Since then, the market for corporate wellness has grown significantly. Ninety-nine percent of firms with 200 or more employees offered at least one wellness program in 2013, according to one study. Of those employers, 69 percent offered gym membership discounts or on-site gyms, 71 percent offered smoking cessation programs, and 58 percent offered weight-loss incentives.
The reasons for such programs are clear. For example, compared to employees of healthy weight, obese workers may incur more than double the cost for healthcare, workers compensation, and short-term disability. That could add up to an additional $4,000 per year, per employee, one study found. Additional health complications such as diabetes, high blood pressure, and high cholesterol drive that number even higher.
The Missing Element: Location
Extensive research has been conducted in recent years proving that a person’s environment directly impacts the ability to live a healthy lifestyle. The world is beginning to take notice, as evidenced by a December 2018 tweet from U.S. Surgeon General Jerome M. Adams:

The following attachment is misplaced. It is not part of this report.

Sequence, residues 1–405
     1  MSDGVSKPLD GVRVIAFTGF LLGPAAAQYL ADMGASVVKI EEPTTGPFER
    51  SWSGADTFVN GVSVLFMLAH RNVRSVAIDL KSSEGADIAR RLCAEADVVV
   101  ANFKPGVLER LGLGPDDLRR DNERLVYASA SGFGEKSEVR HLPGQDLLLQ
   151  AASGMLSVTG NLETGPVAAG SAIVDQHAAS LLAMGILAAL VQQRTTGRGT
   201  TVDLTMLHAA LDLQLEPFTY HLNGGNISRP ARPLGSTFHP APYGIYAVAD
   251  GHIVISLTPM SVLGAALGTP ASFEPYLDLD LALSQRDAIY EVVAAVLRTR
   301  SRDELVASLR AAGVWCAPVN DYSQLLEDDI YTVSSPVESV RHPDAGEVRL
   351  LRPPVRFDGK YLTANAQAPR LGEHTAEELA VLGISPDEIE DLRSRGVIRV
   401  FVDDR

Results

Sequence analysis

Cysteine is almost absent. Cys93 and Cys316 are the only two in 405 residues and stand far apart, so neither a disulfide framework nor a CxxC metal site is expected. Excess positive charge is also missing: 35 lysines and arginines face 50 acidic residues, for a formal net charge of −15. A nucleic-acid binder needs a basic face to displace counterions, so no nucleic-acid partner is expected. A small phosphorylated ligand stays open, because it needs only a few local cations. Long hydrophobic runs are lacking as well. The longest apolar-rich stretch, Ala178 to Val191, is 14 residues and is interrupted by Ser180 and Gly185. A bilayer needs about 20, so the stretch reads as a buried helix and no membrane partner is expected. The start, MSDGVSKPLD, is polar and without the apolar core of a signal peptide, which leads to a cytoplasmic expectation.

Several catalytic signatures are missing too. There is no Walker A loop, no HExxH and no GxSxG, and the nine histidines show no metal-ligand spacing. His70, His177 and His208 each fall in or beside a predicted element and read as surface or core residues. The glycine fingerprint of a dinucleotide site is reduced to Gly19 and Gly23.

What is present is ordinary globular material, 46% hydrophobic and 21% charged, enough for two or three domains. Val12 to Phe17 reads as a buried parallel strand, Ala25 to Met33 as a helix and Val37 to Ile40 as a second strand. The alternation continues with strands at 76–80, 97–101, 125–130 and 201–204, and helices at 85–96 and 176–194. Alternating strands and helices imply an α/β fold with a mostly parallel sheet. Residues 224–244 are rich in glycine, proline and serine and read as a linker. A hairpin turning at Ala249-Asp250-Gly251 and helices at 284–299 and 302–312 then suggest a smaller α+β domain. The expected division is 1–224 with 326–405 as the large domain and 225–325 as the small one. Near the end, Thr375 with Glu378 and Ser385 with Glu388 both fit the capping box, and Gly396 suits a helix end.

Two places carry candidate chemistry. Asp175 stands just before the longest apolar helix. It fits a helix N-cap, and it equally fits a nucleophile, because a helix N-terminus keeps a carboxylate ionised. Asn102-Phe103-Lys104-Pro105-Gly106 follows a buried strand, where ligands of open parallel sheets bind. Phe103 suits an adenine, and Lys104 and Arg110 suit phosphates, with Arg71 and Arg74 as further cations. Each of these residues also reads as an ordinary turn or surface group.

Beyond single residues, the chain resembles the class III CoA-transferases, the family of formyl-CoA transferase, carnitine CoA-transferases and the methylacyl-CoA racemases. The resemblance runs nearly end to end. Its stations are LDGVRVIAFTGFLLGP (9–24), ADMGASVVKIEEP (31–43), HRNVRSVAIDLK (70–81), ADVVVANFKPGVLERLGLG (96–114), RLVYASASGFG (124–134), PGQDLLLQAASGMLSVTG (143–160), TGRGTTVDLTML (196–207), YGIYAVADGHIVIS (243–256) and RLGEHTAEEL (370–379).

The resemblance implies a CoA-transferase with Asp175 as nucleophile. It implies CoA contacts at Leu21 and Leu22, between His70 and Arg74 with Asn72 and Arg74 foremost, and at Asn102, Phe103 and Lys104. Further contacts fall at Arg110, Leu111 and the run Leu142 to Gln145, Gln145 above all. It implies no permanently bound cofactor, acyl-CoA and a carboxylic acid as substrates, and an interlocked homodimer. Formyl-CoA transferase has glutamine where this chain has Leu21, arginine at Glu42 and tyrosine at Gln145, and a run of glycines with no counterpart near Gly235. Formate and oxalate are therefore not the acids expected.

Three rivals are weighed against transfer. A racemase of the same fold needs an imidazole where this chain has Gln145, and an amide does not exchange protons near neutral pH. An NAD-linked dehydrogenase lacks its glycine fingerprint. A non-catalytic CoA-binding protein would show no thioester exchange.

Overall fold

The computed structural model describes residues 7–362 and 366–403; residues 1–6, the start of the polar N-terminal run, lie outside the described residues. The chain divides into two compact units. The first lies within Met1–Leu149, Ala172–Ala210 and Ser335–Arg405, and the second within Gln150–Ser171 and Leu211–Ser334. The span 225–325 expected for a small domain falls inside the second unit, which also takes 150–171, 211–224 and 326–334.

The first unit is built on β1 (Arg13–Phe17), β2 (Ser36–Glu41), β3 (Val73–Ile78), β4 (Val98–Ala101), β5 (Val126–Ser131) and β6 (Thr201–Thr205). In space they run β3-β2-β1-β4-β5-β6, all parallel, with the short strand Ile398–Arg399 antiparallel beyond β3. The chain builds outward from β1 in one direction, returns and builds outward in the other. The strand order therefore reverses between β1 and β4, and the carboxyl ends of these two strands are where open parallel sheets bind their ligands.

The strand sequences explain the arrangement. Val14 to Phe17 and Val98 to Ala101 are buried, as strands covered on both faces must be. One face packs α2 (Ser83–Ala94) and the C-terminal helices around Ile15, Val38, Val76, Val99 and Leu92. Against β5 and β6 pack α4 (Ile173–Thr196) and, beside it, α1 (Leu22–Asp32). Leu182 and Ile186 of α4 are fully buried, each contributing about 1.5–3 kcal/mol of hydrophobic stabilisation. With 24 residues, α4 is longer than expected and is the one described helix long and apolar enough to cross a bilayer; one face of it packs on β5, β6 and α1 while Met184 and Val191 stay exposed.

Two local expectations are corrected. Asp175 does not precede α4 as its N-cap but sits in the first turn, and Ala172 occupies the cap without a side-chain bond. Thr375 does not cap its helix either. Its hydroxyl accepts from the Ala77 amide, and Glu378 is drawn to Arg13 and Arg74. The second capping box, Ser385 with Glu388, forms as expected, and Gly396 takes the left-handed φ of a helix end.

Ana Lopez-De Fede, Ph.D., research professor and associate director of the Institute for Families in Society at the University of South Carolina, has studied how a person’s place of birth and where they live influence their work environment.
For example, in a single-vehicle household, one family member typically takes that vehicle to work, limiting the rest of the family’s access to resources like grocery stores, workout facilities, and libraries. Those family members miss medical appointments more frequently, and the lack of routine visits ultimately leads to a higher rate of preventable emergency rooms trips and inpatient hospitalizations.
But the single-car phenomenon is just one of many factors that influence employee health. Others include the rate of particulate matter in the air where they live, access to exercise opportunities and healthy foods, and the ratio of local primary care physicians. Plotting these social determinants of health on a GIS-driven map can give employers a better sense of what ails employees—and what drives healthcare costs. That awareness often leads to innovative remedies.
To explore a few of the social determinants of health in your neighborhood, click through this map. (To view each factor on its own, deselect all other factors.)